Is It Just Back Pain, Or Is It Something More?

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If you have had a kidney stone, you are in good company. About one in 12 adults have had a kidney stone and a few more after that first one. It may be hard to believe that such a tiny thing can knock you down so quickly, but those little stones have some impressive power. Here are six things to know about kidney stones and how to avoid them.

What is a kidney stone?

A kidney stone is a buildup of minerals that can form inside the kidney. The kidneys filter waste products in the body, such as salt and fluids, and then these products exit the kidneys through the ureters and move on to the bladder and out the body. Kidney stones are made up of different minerals but are commonly made of calcium and oxalate. When these minerals form a stone, it can move into the ureter and block its flow.

How do I know if I have a stone?

Kidney stones can be many different sizes. Very small stones may only cause some mild discomfort. However, the bigger the stone is, the more painful it may be. The stones build up inside the kidney, and most people won’t know they have a stone until it leaves the kidney and begins to pass through the ureter. At this point, a stone can be extremely uncomfortable and painful. The pain will often feel like a bad backache, usually focused on one side of the body. A visit to the doctor for an x-ray or CT scan can confirm whether a stone is present and its size.

Do kidney stones need treatment?

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Whether a stone needs treatment often depends on its size. Most ureters are about three to four millimeters wide, so stones that are 4mm or smaller may pass on their own. While this is good news for small stones, it is also painful news. It will be a waiting game, mixed with drinking lots of fluids until the stone is gone. Larger stones, however, may need treatment in order for them to pass. If you have nausea, fever, chills, blood in your urine, or are having a hard time urinating, be sure to see your doctor.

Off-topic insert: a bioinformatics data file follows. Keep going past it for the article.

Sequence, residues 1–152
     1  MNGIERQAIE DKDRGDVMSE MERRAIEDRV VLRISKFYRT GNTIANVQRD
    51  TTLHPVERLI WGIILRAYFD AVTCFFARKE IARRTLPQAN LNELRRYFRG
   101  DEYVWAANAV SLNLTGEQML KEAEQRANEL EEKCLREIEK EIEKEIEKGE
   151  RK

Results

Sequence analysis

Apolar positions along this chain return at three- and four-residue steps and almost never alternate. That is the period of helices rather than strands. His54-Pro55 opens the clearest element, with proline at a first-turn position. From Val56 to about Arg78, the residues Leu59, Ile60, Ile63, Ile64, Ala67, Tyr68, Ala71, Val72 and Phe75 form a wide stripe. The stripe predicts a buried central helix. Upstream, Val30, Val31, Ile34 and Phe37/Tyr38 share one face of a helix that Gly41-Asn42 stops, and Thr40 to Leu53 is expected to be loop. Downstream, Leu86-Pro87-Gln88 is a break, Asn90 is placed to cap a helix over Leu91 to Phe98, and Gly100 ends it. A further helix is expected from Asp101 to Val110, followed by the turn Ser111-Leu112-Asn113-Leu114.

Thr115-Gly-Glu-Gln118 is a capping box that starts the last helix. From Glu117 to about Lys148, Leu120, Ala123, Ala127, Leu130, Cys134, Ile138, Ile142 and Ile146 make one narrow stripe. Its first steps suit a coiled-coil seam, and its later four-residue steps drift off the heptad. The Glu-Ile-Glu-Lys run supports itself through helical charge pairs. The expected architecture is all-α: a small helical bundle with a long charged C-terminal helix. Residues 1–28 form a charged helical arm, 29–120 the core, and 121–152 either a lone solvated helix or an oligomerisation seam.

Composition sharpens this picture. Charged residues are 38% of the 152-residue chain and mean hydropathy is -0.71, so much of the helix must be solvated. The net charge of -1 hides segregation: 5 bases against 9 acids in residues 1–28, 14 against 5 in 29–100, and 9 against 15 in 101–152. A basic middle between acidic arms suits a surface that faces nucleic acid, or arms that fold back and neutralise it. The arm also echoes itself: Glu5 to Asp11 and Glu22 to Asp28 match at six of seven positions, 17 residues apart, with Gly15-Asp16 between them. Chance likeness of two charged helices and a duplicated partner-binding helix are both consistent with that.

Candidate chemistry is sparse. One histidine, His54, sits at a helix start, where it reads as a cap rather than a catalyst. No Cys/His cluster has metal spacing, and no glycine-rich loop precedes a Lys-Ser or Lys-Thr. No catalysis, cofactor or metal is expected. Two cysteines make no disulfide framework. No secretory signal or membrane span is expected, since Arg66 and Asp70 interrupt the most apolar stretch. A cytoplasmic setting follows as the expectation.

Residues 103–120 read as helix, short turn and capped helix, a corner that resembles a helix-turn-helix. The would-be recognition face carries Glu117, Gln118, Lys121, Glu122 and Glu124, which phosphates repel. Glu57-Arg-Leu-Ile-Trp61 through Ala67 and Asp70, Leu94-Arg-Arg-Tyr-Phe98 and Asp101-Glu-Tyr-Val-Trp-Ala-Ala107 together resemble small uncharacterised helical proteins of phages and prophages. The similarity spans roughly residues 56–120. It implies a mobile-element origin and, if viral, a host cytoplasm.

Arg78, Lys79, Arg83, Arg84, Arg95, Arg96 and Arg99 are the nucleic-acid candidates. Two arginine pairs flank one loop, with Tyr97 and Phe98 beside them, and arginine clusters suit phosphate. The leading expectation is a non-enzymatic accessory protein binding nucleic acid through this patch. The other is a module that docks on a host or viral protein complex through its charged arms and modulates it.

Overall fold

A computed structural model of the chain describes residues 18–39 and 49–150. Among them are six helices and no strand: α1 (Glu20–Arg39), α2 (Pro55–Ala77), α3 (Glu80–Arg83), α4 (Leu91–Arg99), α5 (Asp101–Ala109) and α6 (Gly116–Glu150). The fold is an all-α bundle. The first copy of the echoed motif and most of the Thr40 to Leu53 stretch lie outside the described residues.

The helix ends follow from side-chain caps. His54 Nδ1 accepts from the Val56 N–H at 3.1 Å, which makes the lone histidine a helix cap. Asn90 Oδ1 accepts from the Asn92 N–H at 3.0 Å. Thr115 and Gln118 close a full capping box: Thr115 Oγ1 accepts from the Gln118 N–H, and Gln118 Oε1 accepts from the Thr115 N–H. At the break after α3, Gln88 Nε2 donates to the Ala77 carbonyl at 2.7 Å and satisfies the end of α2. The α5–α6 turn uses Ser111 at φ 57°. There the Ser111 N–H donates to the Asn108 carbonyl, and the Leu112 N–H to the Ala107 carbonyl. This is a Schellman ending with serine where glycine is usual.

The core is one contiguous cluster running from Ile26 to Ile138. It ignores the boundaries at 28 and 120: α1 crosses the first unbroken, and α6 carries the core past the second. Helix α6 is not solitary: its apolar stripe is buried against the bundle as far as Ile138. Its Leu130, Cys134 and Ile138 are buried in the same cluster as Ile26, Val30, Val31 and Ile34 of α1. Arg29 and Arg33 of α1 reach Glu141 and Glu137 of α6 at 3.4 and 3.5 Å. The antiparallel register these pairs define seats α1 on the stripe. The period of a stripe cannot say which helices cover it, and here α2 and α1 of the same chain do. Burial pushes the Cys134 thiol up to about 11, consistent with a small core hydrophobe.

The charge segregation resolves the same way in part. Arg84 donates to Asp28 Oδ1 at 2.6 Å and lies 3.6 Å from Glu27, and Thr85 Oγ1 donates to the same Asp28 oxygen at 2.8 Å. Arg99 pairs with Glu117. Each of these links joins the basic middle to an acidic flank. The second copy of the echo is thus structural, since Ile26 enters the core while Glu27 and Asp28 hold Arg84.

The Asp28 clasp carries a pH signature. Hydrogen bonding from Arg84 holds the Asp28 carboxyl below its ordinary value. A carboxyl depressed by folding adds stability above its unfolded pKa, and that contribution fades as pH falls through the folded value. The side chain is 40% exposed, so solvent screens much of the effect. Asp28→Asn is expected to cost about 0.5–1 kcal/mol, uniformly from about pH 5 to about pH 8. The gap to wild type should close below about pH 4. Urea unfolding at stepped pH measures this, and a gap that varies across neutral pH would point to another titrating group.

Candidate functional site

How are kidney stones treated?

Stones that can be passed without surgical intervention may not require much more than extra fluids. A doctor can also prescribe some pain medication and something to help the ureter relax. For a stone that isn’t passing on its own, there are a few different procedures a doctor might recommend. Ultrasound energy can be used to break the stone up into much smaller pieces that will leave the body on their own. In another common procedure, a scope is inserted into the urethra and up into the ureter, where a laser is used to break up the stone. For larger stones, treatments can include different surgeries to remove the stone.

Will I get another kidney stone?

Your chances are very good of getting another kidney stone once you have had one. A person who has had a kidney stone has a 50 percent chance of getting another one in the next 10 years. You will need to put some preventative measures to work to try and keep another stone at bay.

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How can I prevent a kidney stone?

The steps you need to take to prevent another kidney stone can be different, depending on what kind of stone you had. Your doctor may give you a strainer to use so you can catch the stone and determine what it is made of. “Lifestyle plays an important role in kidney health,” said Bernadette Corpuz, administrator at Friendship Manor Nursing and Rehabilitation Center. “Factors like daily exercise, reducing salt intake, weight control, and limiting alcohol consumption are habits we can adopt early in life, and they have a positive impact on overall health that includes preventing kidney disease.”

Make sure to drink plenty of fluids every day, enough that your urine doesn’t get dark yellow. Drink more citrus juices, which can help break down the calcium and oxalate that often cause stones. You may want to decrease the sodium and animal protein in your diet as well. Talk to your doctor about the best way to prevent another stone.

 

 

A version of this article was originally published by the Daily Herald. 

 

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